Church of God and Saints of Christ (COGASOC™)

Church of God and Saints of Christ (COGASOC™)

Temple Beth El
Chief Rabbi Phillip E. McNeil

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This We Believe

(A Summary of Specific Beliefs)
  1. We believe in the existence of God the Creator, the Eternal, the Absolute Ruler of the Universe, the God Yahweh revealed to our father Abraham, who is One alone and who alone is to be worshipped and glorified. To God the Creator only do we pray.
  2. We believe that God reveals Himself, speaking through His spokespersons, the prophets. We believe that prophetic revelation did not terminate in ancient Israel; that God reveals His Will continually through His prophets; that by a prophet our forefathers were delivered from Egyptian bondage, and by a prophet we shall always be preserved; that God raised up a prophet in 1892 in Guthrie, Oklahoma in the person of William Saunders Crowdy; and that the Spirit of Prophecy is relevant and operative in our lives today.
  3. We believe that the Commandments of God contained in the Holy Scriptures are immutable and are to be obeyed. Foremost among these are the Ten Commandments that we believe were divinely revealed to the prophet Moses on Mount Sinai. We believe that the Scriptures contain universal truths, universal principles, and prescriptive instructions that constitute a full and sufficient guide for the living of a spiritual, righteous, and Godly life.
  4. We believe that God knows all the thoughts and acts of human beings. However, we believe that God has endowed humans with freewill so that they have the option of obeying or disobeying God’s Commandments. We believe that God rewards those who keep His Commandments and punishes those who disobey them.
  5. We believe in the potency and the efficacy of prayer as a means of worshipping and communicating with God. We believe that God hears all prayers and that He does not favor one prayer over another, though the Disciples Prayer taught by Jesus in Matthew 6:9-14 is prominent in our private and public worship. We relish the prayers of the Siddur, and we subscribe to the ancient biblical tradition of praying three times a day.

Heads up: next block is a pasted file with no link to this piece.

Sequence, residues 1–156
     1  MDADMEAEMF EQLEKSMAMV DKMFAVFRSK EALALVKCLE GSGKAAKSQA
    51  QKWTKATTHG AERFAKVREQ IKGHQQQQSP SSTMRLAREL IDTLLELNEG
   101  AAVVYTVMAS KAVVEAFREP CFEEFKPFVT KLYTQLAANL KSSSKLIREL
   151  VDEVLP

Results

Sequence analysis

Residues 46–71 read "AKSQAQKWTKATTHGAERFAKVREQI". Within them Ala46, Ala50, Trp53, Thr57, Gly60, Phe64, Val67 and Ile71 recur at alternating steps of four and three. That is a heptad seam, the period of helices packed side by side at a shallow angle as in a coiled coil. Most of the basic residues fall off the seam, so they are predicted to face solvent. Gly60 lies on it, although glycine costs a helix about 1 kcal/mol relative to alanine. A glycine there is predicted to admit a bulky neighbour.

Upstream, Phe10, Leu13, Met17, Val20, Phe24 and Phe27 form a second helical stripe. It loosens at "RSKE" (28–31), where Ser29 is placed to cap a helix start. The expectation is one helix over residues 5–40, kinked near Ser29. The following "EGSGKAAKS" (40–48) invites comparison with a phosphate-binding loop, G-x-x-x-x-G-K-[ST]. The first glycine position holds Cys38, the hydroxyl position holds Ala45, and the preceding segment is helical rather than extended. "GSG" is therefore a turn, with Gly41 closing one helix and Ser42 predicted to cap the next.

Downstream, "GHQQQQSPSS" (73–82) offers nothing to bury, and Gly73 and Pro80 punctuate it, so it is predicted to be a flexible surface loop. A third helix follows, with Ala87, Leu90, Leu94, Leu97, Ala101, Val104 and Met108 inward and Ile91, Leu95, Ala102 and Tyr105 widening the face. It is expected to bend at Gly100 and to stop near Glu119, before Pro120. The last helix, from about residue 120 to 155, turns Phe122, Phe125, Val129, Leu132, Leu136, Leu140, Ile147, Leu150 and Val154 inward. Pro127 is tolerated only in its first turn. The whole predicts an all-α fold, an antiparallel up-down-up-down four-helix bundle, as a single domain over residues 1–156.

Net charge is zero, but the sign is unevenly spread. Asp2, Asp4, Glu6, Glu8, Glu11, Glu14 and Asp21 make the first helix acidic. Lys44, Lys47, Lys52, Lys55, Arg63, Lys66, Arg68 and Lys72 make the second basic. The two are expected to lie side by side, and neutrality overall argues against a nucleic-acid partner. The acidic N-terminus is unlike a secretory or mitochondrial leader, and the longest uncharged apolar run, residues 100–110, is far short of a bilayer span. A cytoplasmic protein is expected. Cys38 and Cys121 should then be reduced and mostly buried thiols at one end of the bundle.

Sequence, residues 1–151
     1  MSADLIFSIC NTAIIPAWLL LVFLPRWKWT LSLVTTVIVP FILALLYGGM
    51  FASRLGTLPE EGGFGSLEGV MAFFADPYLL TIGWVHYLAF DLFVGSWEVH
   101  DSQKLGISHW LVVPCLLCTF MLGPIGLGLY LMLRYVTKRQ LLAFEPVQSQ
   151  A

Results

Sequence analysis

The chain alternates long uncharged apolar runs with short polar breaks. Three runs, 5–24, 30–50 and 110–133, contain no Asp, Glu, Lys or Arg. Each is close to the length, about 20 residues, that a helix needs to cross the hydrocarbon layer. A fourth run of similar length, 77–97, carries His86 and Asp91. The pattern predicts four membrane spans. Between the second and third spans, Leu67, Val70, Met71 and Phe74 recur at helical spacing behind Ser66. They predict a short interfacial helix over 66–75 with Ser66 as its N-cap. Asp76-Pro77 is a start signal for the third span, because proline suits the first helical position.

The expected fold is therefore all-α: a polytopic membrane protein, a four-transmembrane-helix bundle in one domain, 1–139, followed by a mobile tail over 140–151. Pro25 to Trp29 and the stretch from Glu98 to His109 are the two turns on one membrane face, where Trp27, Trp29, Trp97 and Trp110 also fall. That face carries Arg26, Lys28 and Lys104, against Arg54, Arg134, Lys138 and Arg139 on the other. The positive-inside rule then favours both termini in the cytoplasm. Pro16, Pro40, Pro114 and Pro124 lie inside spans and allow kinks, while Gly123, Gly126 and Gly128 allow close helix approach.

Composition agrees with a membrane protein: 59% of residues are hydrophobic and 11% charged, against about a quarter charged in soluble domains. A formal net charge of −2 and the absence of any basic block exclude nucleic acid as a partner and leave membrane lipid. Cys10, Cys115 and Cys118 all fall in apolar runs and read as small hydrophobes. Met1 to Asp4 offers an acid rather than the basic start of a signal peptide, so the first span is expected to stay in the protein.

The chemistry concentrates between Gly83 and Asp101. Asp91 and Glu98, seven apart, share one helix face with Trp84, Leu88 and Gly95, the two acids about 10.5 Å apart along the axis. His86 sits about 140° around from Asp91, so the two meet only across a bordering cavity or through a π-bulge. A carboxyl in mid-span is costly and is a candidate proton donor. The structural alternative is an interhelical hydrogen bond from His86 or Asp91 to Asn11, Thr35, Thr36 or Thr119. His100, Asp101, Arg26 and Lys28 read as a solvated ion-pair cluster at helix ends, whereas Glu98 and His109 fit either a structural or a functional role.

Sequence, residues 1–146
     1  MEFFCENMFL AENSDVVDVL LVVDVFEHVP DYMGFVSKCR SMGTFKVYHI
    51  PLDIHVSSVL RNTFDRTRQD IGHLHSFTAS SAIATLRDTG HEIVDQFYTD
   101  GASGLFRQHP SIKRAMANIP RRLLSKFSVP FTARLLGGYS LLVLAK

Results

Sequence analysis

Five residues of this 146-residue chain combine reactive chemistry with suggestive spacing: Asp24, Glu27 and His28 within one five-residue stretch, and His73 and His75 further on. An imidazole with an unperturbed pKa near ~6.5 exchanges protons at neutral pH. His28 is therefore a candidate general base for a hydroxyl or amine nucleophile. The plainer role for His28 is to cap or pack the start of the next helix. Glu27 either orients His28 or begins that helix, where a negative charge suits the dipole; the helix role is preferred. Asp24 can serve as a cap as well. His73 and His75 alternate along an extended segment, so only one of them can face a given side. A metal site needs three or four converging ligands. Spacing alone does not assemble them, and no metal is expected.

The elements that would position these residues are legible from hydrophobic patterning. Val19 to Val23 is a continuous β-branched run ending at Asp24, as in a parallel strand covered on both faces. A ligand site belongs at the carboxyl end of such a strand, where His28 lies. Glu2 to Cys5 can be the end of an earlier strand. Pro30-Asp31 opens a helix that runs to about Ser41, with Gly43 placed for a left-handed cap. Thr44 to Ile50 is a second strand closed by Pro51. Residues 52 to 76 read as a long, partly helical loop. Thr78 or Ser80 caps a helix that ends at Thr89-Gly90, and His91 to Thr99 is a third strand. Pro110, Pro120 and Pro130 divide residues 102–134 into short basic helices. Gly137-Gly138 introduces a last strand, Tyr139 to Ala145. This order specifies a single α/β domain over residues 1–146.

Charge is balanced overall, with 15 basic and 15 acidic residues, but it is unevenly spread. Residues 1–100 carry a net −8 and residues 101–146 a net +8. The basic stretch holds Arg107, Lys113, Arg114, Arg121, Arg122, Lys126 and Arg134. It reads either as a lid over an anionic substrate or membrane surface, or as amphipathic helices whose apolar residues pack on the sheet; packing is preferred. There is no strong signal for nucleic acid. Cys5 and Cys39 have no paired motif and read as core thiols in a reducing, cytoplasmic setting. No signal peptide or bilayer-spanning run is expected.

6. We believe that there is a resurrection, but that heaven and hell are not geographic locations.  We believe in the coming of the Messianic Age as described in the Prophets.
  7. We believe that Judaism provides a complete guide for relegating all aspects of human life to the will of God. (Judaism is for us neither a race nor a culture, but it is a manner of believing, a tried and true means through which love of, and faith in God is channeled into upright living.) We believe that adherence to its tenets promotes the keeping of the two Great Commandments: (1) Thou shalt love the LORD thy God with all thine heart… and (2) Thou shalt love thy neighbor as thyself….


The Almighty revealed Himself in a dream to William S. Crowdy on September 13th in Guthrie, Oklahoma This dream served as a blueprint for the religious organization that William S. Crowdy would eventually establish.


Church of God and Saints of Christ was organized and incorporated on November 8th, and Prophet Crowdy established the first Tabernacles in Emporia, Lawrence, and Topeka, Kansas.


Prophet Crowdy organized the Daughters of Jerusalem and Sisters of Mercy, a charitable auxiliary for the women of the organization, on June 26th. At this time, over 23 tabernacles had been organized in the state of Kansas alone!


The first Passover Memorial was observed in Lawrence, Kansas in April. By this year, Prophet William S. Crowdy organized several tabernacles outside of the state of Kansas in such places as Missouri, Illinois, and New York. In May, Prophet Crowdy moved to Philadelphia, Pennsylvania, making it the organization’s first Headquarters.


Tabernacles were organized throughout the country, especially in the East and the Midwest, converting thousands to our faith. The tabernacle in Philadelphia has a membership of over a thousand.


In June, Prophet William S. Crowdy purchased 40 acres in Belleville (Suffolk), Virginia, which would later serve as the International Headquarters for the congregation. Prophet Crowdy also sent an emissary to establish the religious organization in Africa. Shortly after, tabernacles were established in Cuba and the West Indies.